OSU leading in Cultivating Change as first chapter on West Coast

Cultivating Change is a national organization which seeks to build community among LGBTQ+ agriculturalists. 

Cara Nixon, News Contributor

Oregon State University was once Oregon Agricultural College–so Cultivating Change organizers say it’s fitting it would lead as the first chapter of an agriculture-based LGBTQ+ organization on the West Coast.  

Cultivating Change is a national organization which seeks to build community among LGBTQ+ agriculturalists. OSU announced in late March that it has started the fifth chapter of the club in the nation, and the first chapter west of the Mississippi River. 

Christina Walsh, the student engagement coordinator for the College of Agriculture and a co-advisor of Cultivating Change, first heard of the organization at a reception in Portland, Ore. a few years ago. Since then, they have stayed in touch with the national organization and eventually found a way to integrate it into OSU. 

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“[Cultivating Change] really formed as a way for LGBTQ agriculturalists to network, to form community, to advocate for the LGBTQ community within agriculture, and that just sounded like a really cool thing to be a part of as a queer individual working in the College of Ag,” Walsh explained.

Walsh knew there was a need for the club, because they consistently had LGBTQ+ students coming to them for support and mentorship, as someone who is a “very visibly and outwardly queer person.” They realized these students did not have a community with one another. 

“Through some conversations with some of these students, it became clear that it’d be a really good idea to form a community within our college where students could really connect [and] understand that they’re not the only LGBTQ agriculture student out there,” Walsh said. 

Robin Frojen is the OSU creamery and cheese plant manager and a co-advisor for Cultivating Change. 

“Cultivating Change is really an opportunity for our students who are in the LGBTQ+ community to become integrated into the ag community, which sometimes doesn’t feel easy,” Frojen said. 

It’s often not easy for LGBTQ+ students in agriculture, according to Walsh, because the relationship between the two communities can be “complicated.” However, they think there are negative stereotypes and perceptions of agriculture in rural communities that don’t always prove to be true. 

“I don’t think that [homophobia is] an issue that’s necessarily predominant in rural communities. However, there is a perception out there that agriculture kind of holds fast to some more traditional views,” Walsh said.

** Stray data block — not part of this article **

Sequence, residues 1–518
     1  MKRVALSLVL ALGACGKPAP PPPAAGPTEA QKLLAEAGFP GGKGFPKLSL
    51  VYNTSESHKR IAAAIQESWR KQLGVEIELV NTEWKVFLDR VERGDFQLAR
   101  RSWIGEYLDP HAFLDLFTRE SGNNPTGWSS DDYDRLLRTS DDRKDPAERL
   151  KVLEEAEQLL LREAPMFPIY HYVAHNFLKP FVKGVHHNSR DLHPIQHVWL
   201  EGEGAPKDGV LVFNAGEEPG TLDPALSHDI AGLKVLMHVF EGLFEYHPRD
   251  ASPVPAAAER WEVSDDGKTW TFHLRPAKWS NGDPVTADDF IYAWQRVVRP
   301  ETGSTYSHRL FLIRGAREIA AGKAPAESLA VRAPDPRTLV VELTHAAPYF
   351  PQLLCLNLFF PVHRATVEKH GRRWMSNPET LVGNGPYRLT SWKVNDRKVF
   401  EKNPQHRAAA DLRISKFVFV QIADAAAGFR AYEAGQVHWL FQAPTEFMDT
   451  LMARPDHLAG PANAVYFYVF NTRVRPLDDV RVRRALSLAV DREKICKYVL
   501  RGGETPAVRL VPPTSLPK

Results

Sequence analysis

In Walsh’s experience, however, they have never personally experienced homophobia in agricultural spaces in Oregon. Frojen also said they have not had negative experiences related to their identity in any of their agriculture connections. However, these perceptions persist. 

“Part of the purpose of this group is to try to build those relationships and push through some of the stereotypes that might exist,” Walsh said.

Zane Yinger, a second-year botany major and the treasurer for Students for Cultivating Change, also said agriculture typically occurs in rural areas, and that rural areas often have less exposure to queer people, and less resources for the LGBTQ+ community. 

“Folks in rural areas have less exposure, so they’re going to be more fearful of what they don’t understand,” Yinger said. 

As well as breaking down stereotypes, Cultivating Change, according to Yinger, also seeks to provide a platform of support for LGBTQ+ people in agriculture when they do feel unwelcome in the field. 

Walsh said interest in forming a Cultivating Change chapter was obvious since they first offered the idea. Many students came forward with excitement about starting the club, and College of Agriculture Sciences leadership were really supportive in helping make it happen. 

“That said to me that there was a need to form community, to connect with others, to understand each other’s experiences, to find confidence in that community, to not feel isolated,” Walsh said. “…The students find value in this community and have really gained a lot from feeling like they’re a part of something bigger that also understands who they really are and their own lived experience as LGBTQ students.”

This has been true for Yinger, who said they feel more supported and confident in their identity and field as a member of the club. 

“Representation is just really awesome and being able to see yourself reflected around you and see that your goals and hopes and dreams are doable…it just feels really good to see yourself in others and especially in a career where you maybe feel that you are potentially less welcome,” Yinger said.

According to Yinger, Cultivating Change is thus far having fun and finding success in establishing the club, and advisors and members of the club are excited about it continuing to grow. 

“I’m really excited to see where it goes in the future, because I think once we’re back on-campus it’s going to get even bigger,” Walsh said. 

There’s also potential for more chapters to emerge on the West Coast. 

“I wouldn’t be surprised if other ag colleges at land-grant universities said ‘wow, look at what Oregon State just did, maybe we can do something like that here too,’” Frojen said. “…I wouldn’t be surprised if more chapters emerged out west.” 

The OSU chapter of Cultivating Change is happy to be a leader for other colleges to focus on integrating the LGBTQ+ and agriculture communities, according to Frojen.

“Why shouldn’t we be the leader in this? I mean the fact that we’re the fifth chapter in all this time and the first one on the West Coast, we should have been first. We absolutely need to be able to add that to our list of things we do right here at OSU,” Frojen said. “…I think we’re going to make a difference.”